Keep your body odour in check while travelling

Travel is a joy, but let’s face it, there are some less-than-appealing aspects of the journey and one of those can be your own body odour.

What are the common causes and what can you do about it?


That tired saying you are what you eat has a lot to answer for here.

When you eat foods such as garlic, onions and spicy food, and your body digests them, certain compounds are produced and released through your pores.

Other culprits are the cruciferous vegetable family, such as broccoli, cabbages, kale and radishes.

And some food such as chillis can simply make you sweat more. Haven’t we all experienced ordering regret, especially in Asia, when we happily picked out a curry on a menu, only to find it hotter than lava? The sweat levels can be impressive as we power on, determined to be that westerners-can’t-eat-hot-food cliché.

Drinks with a lot of caffeine in them will also make you sweat more. And there’s always the morning-after sweats to deal with as well.


You are probably drinking a fair bit of weird stuff, especially if you are travelling in a very different culture to your own.

This, of course, can affect your smell. You remember how you used to smell after a big night out, right?

A good guide is the darker the drink – stouts and red wines – the more of a stench the next day. Stick to clearer spirits like vodka if you can.

But not raki, never drink raki. If some very nice Turkish person offers you raki, walk swiftly in the other direction.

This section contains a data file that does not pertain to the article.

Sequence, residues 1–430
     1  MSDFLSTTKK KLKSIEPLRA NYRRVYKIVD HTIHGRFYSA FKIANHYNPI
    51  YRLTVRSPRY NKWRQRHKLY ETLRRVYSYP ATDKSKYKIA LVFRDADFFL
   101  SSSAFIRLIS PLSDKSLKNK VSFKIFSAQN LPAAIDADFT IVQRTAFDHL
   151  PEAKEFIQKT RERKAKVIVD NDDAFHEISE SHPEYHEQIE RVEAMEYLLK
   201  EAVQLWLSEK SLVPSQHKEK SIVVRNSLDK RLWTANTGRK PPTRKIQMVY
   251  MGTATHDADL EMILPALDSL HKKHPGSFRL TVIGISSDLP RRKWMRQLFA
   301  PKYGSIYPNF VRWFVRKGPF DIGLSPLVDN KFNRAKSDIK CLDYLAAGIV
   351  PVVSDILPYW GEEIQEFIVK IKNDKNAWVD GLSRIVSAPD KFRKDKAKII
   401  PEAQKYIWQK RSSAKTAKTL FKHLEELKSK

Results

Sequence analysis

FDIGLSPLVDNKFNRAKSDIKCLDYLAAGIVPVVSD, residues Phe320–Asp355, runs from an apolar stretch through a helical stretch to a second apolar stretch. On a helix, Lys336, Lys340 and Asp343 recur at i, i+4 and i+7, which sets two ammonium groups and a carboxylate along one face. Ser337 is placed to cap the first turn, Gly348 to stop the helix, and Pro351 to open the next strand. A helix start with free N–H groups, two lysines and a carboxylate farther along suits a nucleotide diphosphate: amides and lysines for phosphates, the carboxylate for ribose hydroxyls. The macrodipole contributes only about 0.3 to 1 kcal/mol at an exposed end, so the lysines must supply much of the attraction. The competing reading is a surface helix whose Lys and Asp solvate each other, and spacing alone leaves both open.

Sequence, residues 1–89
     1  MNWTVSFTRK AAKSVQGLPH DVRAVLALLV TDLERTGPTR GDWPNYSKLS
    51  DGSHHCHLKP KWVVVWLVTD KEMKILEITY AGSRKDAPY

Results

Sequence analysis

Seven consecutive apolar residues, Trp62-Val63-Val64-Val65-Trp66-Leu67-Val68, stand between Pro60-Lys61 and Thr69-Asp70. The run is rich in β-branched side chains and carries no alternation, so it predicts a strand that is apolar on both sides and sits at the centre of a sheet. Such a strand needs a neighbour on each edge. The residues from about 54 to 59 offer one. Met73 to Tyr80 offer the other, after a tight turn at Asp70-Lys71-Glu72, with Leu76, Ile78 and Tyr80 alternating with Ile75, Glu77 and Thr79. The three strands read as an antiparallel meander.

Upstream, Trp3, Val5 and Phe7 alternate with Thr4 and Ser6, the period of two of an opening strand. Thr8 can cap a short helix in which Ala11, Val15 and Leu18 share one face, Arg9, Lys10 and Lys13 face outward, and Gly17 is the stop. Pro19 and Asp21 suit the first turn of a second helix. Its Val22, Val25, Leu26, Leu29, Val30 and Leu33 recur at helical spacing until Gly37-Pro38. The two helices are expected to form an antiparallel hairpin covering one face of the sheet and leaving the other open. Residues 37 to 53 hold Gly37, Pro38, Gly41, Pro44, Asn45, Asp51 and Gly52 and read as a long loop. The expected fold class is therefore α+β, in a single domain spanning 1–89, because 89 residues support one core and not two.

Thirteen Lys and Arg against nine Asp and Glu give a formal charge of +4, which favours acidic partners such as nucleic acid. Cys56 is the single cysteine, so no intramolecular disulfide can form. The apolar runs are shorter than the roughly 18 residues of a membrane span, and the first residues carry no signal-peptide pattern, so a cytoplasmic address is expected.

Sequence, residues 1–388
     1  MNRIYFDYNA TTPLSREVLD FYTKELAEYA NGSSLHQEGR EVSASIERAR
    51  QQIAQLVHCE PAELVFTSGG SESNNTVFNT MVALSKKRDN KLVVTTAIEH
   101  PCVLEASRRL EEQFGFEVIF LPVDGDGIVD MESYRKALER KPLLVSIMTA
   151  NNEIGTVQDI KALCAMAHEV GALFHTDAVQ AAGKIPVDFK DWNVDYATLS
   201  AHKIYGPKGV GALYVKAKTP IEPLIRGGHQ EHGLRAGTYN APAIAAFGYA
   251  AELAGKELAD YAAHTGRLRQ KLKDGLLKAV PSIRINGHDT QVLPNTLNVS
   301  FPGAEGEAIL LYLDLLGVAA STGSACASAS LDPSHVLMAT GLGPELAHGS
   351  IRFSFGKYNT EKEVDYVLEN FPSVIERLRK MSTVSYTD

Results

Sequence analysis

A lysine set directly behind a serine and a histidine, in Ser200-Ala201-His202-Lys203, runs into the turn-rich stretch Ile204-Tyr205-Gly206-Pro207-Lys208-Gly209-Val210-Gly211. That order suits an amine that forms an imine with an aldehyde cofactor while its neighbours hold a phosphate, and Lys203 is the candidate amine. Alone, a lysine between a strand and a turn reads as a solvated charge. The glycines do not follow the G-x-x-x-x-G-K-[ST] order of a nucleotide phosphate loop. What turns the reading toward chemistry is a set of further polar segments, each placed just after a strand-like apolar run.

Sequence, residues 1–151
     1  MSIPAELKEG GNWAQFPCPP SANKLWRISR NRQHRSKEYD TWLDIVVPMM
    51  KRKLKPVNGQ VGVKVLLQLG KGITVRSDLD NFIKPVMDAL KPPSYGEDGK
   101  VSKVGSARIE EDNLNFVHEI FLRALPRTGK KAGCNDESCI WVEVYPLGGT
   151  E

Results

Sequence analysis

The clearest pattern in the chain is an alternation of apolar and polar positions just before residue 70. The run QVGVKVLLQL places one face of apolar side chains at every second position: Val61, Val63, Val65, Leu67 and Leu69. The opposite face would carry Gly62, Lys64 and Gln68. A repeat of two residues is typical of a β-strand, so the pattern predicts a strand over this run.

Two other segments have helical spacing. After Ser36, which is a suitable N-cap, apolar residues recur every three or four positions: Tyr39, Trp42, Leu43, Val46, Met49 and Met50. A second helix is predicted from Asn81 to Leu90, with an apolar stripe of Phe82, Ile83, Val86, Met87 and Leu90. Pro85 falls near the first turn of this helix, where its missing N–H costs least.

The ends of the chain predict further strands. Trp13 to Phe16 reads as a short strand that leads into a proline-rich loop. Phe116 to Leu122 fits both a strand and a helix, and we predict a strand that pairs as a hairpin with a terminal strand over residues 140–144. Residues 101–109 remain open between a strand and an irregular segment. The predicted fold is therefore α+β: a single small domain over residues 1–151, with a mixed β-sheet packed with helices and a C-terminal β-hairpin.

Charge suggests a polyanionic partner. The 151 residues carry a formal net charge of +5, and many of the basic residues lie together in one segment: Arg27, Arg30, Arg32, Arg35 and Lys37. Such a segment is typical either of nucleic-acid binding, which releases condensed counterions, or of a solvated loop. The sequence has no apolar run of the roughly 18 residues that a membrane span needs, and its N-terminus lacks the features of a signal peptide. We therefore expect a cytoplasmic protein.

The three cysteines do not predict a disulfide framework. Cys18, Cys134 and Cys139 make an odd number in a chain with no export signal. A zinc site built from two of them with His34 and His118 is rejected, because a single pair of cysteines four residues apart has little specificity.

Keep it clean

It’s no picnic keeping your clothing and footwear clean while on holiday but for the sake of your fellow travellers, at the very least, try to make an effort.

If you are staying at a hotel or resort, ask at reception if there are public washing machines or do a quick online search.

It’s always a good idea to pack some washing powder to do some handwashing to keep at least a few things fresh.

Your footwear can take an absolute pounding on holiday, so pay particular attention to their care.

If you are prone to foot odour, make sure to air your shoes out as much as you can, wear moisture-wicking socks and consider using foot powder or deodorant.

A well of unwellness

Travel and sickness are often unwelcome bedfellows, especially on planes. All that enclosed space with plenty of other bodies.

If you develop a head cold, quite often part of the collection of symptoms is a sore throat and runny nose. These combined can add up to bad breath.

Good dental hygiene is vital to the first line of defence, but if it’s a fully fledged infection try to gargle with salt water and keep up the tooth brushing.

Bad breath can also be caused by skipping meals and becoming dehydrated, so be sure to keep up the fluids and food.

Dry argument

A lot of body odour is due to bacteria on the skin, so good basic hygiene is essential to keep the stink away. So shower at least once a day, and more if you are in a humid location.

It can be hard on holiday, especially if you are in a remote location, so it’s a good idea to pack some antibacterial wipes to give yourself the once over if you need to.

Do you worry about keeping your clothes clean while on holiday? How do you do your travel laundry? Why not share your tips in the comments section below?

Also read: Look out for these travel scams

Jan Fisher
Jan Fisher
Accomplished journalist, feature writer and sub-editor with impressive knowledge of the retirement landscape, including retirement income, issues that affect Australians planning and living in retirement, and answering YLC members' Age Pension and Centrelink questions. She has also developed a passion for travel and lifestyle writing and is fast becoming a supermarket savings 'guru'.
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